One of the main goals of the Great Northwestern Fair of 1863 was to raise money to build a "Soldier's Home" in Chicago. Hoge and Livermore, creative fundraisers as well as master organizers, wrote to Abraham Lincoln, requesting that he donate his original draft of the newly issued Emancipation Proclamation to raise money to build the home. Their plan was to take up a subscription from the public to buy the document for the Chicago Historical Society. Lincoln's response (which is transcribed at the top of the facsimile in our sale) read "According to the request made in your behalf, the original draft of the Emancipation Proclamation is herewith inclosed [sic]. The formal words at the top and the conclusion, except the signature, you perceive, are not in my handwriting. They were written at the State Department. The printed part was cut from the preliminary Proclamation and pasted on merely to save writing. I had some desire to retain the paper, but if it shall contribute to the relief or comfort of the soldiers, that will be better. Your Obedient Servant, A. Lincoln”
A USSC "Soldier's Home"
Recognizing the fundraising potential of such an important donation, the president of The Soldier's Home, Thomas B. Bryan, engaged Chicago's premier lithographer, Edward Mendel, to make copies of the Emancipation Proclamation that would be sold at the Fair. Again, the facsimiles were so successful that Lincoln signed another 48 copies to be sold at the 1864 Sanitary Fair in Philadelphia. This proved to be incredibly fortuitous for posterity, as future disaster impended, even after the war was over.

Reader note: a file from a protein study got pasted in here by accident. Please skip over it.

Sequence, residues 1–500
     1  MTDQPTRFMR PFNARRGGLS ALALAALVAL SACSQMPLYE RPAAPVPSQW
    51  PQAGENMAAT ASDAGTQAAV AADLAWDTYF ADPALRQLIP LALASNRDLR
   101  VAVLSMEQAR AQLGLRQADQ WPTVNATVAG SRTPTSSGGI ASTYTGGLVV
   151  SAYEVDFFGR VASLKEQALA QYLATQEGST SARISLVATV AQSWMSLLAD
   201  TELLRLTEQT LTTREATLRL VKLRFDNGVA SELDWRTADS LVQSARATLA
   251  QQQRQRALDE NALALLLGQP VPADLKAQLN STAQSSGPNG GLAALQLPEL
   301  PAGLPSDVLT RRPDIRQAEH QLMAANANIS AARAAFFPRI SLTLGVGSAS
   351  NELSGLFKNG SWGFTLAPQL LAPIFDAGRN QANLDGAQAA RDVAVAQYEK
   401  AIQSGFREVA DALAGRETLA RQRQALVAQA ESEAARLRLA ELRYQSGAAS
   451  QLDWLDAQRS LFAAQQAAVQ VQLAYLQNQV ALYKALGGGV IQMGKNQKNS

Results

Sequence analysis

The ruins of the Chicago Historical Society after The Great Fire of 1871
4. The Fire
Once the handwritten draft of the Emancipation Proclamation had been secured, the funds raised, the war won, and Lincoln assassinated, the document became an even more precious artifact. It was framed and hung on display at the Chicago Historical Society. But in 1871, Mrs. O'Leary's famous cow kicked over a lantern, and 4 miles of city burned down, leaving 100,000 Chicagoans homeless.
Two of the casualties of the fire: The Chicago Historical Society and the original Emancipation Proclamation. Samuel Stone, the curator of the Society's collection, made an heroic attempt to save the Proclamation. In his own words: “.....the frame was so stout it was not easily done, and just as I was making the attempt, there came another blast of fire and smoke, filling the whole heavens and frightfully dashing firebrands against the reception room window. … Believing that a minute more in trying to save the Proclamation, would make it too late for my escape, I made for the basement door.” And so the copies of the Proclamation made to raise funds during the war became the only record of Lincoln's draft.
5. The Suffragettes
It's not hard to imagine that the women who took on the gargantuan task of organizing aid to the Union Army were not so easily relegated back to their needlework once the war was over. Many of the women who worked as nurses and administrators for the USSC and its branches became instrumental in the fight for women's voting rights. Mary Livermore, of the Northwestern branch, noted that "during the war, and as the result of my own observations, I became aware that a large portion of the nation's work was badly done, or not done at all, because woman was not recognized as a factor in the political world." Livermore became the President of the Illinois Woman Suffrage Association, and founded The Agitator, a suffragist newspaper. Not for the last time in history, the wartime mobilization of women's talents led to their increased involvement in the public sphere.
The Signature Fall Auction
Saturday, September 18th
9:00am (EDT)